Rest in Peace and Rise in Glory, Dear One.
This dear saint –The Rt. Rev. Charles Lovett Keyser — served as the fourth Bishop Suffragan for the Armed Forces and, upon retirement, served generously in the Episcopal Diocese of Florida. Many are in a position to say much more about his work and life. However, as one who has been shaped and formed through my experience of Bishop Keyser, I feel compelled to share briefly.
Just a few of the ways he has blessed me:
Presence. Bishop Keyser shared the love of Christ wherever he went and with whomever he met. He was so full of the Holy Spirit, it was as if it oozed from his pores. I first encountered him when he came to meet with and advise the vestry on which I served. The dean and rector announced his departure and we formed a search committee. You could feel the anxiety and prickliness in the air as many had clear ideas about what type of leader was desirable. When Bishop Keyser joined us, when he sat with us, the presence of the Holy was palpable. All the tension and petty energy in the air dissipated. As if we understood God was present and patiently waiting our surrender. I felt that same sense of the Holy, as I sat in a church office asking him for any advise he might give a prospective seminarian. “Don’t do it, unless you really have to,” he told me. “If you go, keep in mind one of the most important things you’ll do is to teach folks to use this (he held up the Book of Common Prayer).”
Unflinching compassion. Bishop Keyser was taken with the power of sharing Christ with those on the edge or treated unjustly. Seven years ago, at General Convention, he asked me to find a Black Lives Matter pin for him; true to our baptismal covenant, he was excited by this new and renewed focus on racism and equity. He was Franciscan in his approach of preaching often but using words only when necessary. He understood that the most transformative evangelism comes not when we hit folks over the head with Jesus or the Bible but when we help create and hold a sacred space in which the Spirit can move. His leadership in bringing Wounded Warriors to Camp Weed and his deep affection for Church Without Walls speaks to this. Clearly, he was deeply formed by his service in the Armed Forces – a place where a nice tame Christianity is worthless, where permission to abandon ourselves to a God in whom we may not believe or who we imagine has abandoned us to utter darkness is most meaningful, most raw, and most hopeful.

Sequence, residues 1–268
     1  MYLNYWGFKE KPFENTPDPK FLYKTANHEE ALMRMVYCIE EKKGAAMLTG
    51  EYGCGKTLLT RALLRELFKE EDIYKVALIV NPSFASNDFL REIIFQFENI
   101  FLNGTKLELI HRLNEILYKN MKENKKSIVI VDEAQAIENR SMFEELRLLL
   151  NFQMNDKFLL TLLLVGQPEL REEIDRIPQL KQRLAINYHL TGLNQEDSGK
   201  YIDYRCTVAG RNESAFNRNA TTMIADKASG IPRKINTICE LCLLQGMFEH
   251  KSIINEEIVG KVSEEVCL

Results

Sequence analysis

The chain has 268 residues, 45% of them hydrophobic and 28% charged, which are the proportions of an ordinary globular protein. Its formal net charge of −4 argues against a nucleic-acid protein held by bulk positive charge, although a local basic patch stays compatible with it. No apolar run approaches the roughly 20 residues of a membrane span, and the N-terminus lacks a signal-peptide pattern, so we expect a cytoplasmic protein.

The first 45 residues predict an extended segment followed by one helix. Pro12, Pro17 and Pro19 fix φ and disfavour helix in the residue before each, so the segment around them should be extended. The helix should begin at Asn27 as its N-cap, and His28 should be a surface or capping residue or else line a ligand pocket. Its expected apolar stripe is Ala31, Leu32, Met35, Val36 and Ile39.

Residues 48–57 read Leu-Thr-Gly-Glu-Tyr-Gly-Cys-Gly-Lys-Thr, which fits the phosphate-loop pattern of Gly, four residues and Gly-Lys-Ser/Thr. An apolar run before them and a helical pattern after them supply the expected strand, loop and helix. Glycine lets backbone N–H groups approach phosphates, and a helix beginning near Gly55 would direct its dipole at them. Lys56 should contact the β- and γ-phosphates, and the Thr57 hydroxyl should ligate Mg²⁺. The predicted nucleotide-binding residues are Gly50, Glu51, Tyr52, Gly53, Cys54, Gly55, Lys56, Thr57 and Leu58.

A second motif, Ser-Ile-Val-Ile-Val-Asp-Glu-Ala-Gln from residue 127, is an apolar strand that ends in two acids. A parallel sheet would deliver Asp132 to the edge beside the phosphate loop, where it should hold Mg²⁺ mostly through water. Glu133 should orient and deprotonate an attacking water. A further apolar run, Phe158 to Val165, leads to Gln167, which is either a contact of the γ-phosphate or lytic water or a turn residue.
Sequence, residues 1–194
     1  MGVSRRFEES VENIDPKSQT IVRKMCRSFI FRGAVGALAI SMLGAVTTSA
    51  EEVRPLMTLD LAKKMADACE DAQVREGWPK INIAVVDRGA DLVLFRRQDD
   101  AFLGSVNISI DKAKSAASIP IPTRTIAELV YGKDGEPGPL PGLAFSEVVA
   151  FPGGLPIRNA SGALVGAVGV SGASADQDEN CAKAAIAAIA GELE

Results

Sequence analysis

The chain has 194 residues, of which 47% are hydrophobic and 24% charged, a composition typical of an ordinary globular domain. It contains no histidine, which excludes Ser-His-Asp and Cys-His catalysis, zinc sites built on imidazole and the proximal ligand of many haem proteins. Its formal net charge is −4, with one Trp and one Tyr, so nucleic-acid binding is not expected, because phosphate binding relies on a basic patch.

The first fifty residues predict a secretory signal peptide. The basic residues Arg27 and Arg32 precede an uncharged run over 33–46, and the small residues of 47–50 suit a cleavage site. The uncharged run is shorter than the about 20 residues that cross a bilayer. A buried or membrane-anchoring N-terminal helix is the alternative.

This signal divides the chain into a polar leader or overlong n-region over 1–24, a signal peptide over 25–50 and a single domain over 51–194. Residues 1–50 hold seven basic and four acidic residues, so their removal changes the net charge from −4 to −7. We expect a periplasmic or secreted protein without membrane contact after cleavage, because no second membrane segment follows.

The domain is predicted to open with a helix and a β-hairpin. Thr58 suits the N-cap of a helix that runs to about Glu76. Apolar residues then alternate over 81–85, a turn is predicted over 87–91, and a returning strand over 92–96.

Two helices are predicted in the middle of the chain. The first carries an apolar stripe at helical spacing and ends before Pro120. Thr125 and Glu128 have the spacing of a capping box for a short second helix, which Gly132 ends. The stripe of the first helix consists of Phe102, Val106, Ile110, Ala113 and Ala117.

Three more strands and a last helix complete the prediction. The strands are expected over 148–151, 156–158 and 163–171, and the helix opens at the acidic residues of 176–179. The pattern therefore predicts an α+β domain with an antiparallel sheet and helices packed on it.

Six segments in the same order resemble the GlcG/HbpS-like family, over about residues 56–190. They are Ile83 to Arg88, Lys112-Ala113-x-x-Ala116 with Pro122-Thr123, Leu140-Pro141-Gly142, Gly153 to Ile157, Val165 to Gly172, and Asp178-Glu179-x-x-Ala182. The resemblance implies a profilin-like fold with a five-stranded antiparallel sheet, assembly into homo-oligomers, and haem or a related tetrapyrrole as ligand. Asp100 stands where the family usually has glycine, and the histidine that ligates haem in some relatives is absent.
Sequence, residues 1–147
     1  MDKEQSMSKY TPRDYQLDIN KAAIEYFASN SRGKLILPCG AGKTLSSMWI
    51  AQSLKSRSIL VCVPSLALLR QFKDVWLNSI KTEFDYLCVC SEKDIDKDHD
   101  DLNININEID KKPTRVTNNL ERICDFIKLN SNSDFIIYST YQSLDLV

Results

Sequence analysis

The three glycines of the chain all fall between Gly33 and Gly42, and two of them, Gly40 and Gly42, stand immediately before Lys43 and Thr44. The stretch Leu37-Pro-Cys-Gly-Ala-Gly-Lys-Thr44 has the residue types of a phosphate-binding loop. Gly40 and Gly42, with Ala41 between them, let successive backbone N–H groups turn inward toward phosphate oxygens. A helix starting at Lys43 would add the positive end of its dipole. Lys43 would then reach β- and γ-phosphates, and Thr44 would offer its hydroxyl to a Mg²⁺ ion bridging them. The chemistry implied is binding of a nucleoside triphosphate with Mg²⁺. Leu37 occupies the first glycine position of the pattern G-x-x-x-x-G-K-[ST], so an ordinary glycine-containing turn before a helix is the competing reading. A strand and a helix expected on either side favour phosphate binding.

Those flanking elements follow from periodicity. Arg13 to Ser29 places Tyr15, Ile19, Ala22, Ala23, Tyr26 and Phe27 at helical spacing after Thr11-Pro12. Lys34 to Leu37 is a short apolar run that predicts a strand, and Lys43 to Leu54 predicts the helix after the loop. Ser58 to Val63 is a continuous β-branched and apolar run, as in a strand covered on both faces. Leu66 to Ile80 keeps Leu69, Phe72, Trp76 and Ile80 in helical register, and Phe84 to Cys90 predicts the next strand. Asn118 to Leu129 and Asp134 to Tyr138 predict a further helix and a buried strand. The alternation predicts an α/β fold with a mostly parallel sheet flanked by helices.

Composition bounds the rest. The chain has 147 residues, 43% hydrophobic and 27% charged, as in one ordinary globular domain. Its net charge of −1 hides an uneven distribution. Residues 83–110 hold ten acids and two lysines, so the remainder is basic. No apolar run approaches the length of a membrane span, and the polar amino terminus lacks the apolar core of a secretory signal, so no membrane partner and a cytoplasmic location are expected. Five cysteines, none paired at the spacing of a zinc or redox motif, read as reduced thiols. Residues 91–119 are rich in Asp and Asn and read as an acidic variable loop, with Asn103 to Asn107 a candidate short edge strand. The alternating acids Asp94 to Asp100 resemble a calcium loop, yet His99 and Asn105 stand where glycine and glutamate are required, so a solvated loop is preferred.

Servant leadership. Bishop Keyser’s commitment to pastor and love all people made him a quiet yet powerful leader. It was never about him or what he needed. Rather it was about the person or people in his midst. When I was in seminary, it was often a lonely time, and the work was very demanding. I had dutifully written another Ember Day letter to the bishop, checking off another box. Much to my surprise Bishop Keyser, who has covering during an episcopal sabbatical, wrote to me. He said nothing about my coursework, ministry internship or academic plans. He simply shared a deep love and caring for me as a child of God. His words buoyed me, reminding me I was there for a reason and that Christ was at the center, holding me, recreating me. To the end, his concern was always for the other. This gentle giant was a true pastor not just for the Church but for all people.